UK based carrier Flybe to return to skies after pandemic strike


The coronavirus pandemic left a number of airlines affected as the travel demand had gone down drastically. The airports were deserted and the airlines, who had leased the aircrafts were no longer able to handle the expenditure to maintain their fleet. UK Based regional airline Flybe was one of the corporate casualties during the pandemic but it has now chalked out plans to return to the skies in 2022.

The carrier in an announcement has assured that it would resume flying to the destinations in the United Kingdom and the European Union in early 2022. The flights would be from a new base in Birmingham. Flybe, was already under financial pressure before the pandemic started and the pandemic made things worse and led to a collapse in March 2020. Its loan talks with the government had fallen apart after its passenger numbers had fallen beyond less. In October 2020, Flybe was bought from administrators EY a company that is owned by the investor Lucien Farrell, who intended to revive the brand.

Lucien Farrell invested under the name Cyrus Capital with intensions to rescue spearheaded by Virgin Atlantic in 2019. The news owners of the airline are not disclosing the routes that they are planning to fly. However the industry experts have revealed that the rival airlines have already taken over a number of the company’s viable routes that include Southampton and Manchester. What makes it more challenging is the fact that the airline has also lost a number of valuable take-off and landing slots at Heathrow airport.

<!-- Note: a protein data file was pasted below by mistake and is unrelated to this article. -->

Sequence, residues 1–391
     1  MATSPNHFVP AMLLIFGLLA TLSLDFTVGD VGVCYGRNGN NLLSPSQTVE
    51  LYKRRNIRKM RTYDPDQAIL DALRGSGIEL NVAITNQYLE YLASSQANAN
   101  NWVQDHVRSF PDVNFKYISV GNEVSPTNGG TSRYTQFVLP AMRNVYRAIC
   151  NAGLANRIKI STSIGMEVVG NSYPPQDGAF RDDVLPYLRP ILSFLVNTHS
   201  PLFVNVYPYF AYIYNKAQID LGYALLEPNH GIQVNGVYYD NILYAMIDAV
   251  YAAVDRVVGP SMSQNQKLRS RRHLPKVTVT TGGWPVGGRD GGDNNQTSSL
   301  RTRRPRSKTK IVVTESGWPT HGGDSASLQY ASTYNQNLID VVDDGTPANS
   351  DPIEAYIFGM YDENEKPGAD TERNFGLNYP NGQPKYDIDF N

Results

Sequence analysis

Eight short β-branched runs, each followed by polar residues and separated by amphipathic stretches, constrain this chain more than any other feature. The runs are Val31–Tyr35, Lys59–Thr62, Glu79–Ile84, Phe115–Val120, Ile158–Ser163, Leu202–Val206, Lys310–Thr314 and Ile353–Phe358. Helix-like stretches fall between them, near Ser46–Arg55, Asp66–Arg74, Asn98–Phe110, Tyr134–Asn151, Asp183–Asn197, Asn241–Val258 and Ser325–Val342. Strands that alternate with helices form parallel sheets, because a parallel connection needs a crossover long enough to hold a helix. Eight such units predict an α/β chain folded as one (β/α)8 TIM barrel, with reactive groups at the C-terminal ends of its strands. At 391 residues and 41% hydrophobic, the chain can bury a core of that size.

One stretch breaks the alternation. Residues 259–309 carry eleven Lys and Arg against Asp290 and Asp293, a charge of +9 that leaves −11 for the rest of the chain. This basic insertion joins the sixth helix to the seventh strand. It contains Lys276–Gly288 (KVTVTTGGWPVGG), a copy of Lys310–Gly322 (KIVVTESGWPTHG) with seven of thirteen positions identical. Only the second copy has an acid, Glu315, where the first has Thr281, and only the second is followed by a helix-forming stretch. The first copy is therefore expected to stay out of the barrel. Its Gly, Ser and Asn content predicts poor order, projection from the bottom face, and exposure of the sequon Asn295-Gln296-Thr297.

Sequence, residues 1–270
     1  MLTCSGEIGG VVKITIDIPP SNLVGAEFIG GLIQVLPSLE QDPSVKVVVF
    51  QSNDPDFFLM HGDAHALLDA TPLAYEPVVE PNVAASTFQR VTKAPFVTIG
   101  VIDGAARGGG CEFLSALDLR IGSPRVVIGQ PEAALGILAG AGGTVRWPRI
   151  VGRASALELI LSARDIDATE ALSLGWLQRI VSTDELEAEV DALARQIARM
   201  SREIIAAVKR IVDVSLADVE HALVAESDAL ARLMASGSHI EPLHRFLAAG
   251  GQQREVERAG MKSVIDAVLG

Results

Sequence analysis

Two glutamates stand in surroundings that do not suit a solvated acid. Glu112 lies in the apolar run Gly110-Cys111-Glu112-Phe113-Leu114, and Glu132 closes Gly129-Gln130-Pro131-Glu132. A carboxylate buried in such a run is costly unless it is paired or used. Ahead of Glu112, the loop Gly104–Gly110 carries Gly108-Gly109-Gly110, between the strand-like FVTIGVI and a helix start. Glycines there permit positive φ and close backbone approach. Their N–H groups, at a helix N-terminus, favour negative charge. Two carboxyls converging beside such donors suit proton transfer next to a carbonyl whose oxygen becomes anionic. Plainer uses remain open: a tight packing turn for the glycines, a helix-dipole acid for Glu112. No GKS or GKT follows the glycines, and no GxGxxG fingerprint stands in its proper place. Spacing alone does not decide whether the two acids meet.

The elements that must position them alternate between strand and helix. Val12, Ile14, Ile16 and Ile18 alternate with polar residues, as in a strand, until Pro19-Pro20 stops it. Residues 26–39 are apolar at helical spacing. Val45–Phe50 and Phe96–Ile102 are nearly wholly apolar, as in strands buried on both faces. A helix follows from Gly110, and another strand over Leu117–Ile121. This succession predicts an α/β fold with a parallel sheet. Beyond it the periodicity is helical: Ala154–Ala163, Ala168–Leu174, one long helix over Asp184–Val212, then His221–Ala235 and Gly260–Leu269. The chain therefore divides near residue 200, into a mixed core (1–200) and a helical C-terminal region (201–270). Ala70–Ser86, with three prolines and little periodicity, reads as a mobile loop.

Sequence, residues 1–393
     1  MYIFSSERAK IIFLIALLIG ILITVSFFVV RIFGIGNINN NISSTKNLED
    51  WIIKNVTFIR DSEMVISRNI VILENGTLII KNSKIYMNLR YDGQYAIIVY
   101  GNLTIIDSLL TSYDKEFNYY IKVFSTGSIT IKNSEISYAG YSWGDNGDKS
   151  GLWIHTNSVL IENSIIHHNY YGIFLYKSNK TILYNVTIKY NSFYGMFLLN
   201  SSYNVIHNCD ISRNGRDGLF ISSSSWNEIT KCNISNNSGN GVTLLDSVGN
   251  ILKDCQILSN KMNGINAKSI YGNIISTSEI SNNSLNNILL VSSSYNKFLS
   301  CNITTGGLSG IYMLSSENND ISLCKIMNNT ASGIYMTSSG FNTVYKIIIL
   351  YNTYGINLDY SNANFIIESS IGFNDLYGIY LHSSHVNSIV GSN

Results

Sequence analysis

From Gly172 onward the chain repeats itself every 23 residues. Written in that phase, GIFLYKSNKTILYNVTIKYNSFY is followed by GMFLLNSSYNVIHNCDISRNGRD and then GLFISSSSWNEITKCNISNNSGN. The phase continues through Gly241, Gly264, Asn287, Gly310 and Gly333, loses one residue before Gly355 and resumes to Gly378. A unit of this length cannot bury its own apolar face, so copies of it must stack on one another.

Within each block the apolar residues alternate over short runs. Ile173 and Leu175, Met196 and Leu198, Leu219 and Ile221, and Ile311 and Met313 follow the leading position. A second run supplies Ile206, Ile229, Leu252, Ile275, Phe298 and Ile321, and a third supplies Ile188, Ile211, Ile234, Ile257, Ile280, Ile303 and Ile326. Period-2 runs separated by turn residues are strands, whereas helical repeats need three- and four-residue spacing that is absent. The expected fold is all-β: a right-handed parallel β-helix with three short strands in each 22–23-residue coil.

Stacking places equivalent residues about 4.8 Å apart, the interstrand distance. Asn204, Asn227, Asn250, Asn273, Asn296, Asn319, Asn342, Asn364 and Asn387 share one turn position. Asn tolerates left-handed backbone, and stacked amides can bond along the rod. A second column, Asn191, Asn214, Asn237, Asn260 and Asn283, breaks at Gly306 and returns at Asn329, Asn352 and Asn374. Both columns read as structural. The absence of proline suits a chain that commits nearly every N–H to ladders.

Before the airline came down, Flybe was one of the largest regional carriers in Europe while serving regional air routes in Britain. Meanwhile, industry experts have said that the regional flying in the UK has hardly been profitable even in good times when the demand is high. The tax cut has been criticized by a number of environmental groups and the airline has clarified that the domestic routes are on those trips that do not have a viable rail alternative.

Photo Credits: BBC